Centuries ago, Isaac Newton laid out in elegant mathematical terms what common sense already told us — that a body at rest will tend to remain at rest, and a body in motion will tend to remain in motion, unless acted on by an external force.
In physics, this is known as Newton’s Second Law of Motion. In behavioral science, a similar tendency is described by the “status quo bias,” which asserts that people will normally take the path of least resistance even when it results in an outcome different than what they would have done if everything else were equal.
In a very real sense, that’s what California’s public-sector unions are counting on in the wake of Harris v. Quinn, a 2014 U.S. Supreme Court ruling that allows home-based child care and health care workers being compensated through Medicaid to decide for themselves whether they want to continue supporting a labor union whose goals and ideals they don’t share.
But the unions are making a mockery of the court’s true intentions on the subject, and a case currently before Ninth Circuit Court of Appeals exposes the fallacy — and unconstitutionality — of their actions.
Hamidi v. SEIU Local 1000 addresses the union’s policy of simply assuming every new caregiver entering the field wants to be a union member until they affirmatively state otherwise and successfully negotiate a confusing, and often hostile, opt-out process.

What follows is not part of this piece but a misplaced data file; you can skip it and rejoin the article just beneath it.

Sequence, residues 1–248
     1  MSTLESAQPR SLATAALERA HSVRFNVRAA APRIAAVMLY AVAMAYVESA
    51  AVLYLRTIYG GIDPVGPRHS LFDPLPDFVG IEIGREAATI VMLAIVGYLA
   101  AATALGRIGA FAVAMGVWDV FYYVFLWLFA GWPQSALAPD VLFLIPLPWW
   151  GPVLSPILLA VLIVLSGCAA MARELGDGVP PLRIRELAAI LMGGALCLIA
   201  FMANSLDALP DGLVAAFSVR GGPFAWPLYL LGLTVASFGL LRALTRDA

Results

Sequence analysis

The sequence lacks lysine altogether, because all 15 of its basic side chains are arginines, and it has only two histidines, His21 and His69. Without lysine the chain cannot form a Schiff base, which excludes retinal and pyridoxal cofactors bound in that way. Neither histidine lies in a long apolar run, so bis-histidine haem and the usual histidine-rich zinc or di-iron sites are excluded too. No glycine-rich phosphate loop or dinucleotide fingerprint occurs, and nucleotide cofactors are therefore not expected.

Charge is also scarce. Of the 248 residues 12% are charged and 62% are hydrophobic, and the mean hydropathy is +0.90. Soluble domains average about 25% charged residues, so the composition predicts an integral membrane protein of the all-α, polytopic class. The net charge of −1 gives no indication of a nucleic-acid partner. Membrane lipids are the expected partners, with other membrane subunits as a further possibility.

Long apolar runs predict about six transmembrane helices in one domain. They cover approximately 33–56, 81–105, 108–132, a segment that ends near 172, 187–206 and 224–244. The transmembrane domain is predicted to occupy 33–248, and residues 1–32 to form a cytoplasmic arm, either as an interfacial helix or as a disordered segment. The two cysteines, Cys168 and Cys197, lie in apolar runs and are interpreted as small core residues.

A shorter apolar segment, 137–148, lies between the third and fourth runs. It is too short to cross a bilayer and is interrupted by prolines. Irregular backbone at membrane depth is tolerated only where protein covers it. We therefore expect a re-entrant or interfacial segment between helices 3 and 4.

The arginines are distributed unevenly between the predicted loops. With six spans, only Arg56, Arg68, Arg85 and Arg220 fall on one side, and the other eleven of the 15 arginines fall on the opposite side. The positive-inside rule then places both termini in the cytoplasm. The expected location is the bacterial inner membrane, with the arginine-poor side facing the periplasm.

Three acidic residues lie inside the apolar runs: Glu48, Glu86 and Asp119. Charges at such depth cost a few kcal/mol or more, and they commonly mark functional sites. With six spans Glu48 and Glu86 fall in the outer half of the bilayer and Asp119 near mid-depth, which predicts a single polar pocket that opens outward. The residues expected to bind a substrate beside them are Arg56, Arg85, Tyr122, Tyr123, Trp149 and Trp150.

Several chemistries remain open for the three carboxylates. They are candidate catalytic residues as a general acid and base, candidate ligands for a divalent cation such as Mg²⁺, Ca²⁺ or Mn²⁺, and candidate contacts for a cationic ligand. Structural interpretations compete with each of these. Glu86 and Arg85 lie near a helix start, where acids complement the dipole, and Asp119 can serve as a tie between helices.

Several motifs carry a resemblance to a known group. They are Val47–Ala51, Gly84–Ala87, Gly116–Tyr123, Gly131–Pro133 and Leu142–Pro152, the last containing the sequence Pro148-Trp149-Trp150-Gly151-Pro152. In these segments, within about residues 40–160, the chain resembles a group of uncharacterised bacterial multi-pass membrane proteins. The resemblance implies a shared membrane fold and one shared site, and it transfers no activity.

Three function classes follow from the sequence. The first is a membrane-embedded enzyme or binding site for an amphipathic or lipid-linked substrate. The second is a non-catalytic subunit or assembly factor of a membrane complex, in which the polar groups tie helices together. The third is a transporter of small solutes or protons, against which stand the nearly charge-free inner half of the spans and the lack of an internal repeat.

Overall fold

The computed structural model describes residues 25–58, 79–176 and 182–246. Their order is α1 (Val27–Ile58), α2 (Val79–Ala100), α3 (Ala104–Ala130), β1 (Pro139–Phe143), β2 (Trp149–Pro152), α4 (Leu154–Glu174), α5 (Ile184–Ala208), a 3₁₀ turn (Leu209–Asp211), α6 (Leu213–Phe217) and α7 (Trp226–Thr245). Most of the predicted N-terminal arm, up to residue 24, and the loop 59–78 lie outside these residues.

Like Newton, SEIU Local 1000 understands workers — like apples falling out of trees — have to first overcome the inertia of non-action. So it works with a compliant California Legislature to concoct regulations that put the burden of proof on the worker to prove he or she doesn’t want to be a union member rather than on the union to prove they do.
Where else do we make such an assumption? Could the National Rifle Association, for example, arbitrarily decide its services are so indispensable that every gun owner must be forced to pay membership dues to a private organization until he or she can demonstrate to the NRA’s satisfaction they don’t want to?
Of course not. Our default assumption until otherwise confirmed is that a gun owner who hasn’t already joined NRA may not want to. We respect that decision, and we expect the organization to show proof that each of its members has affirmatively agreed to join up before it can start confiscating dues money.
Studies have shown that, when asked in the abstract, about 56 percent of workers in a given workplace…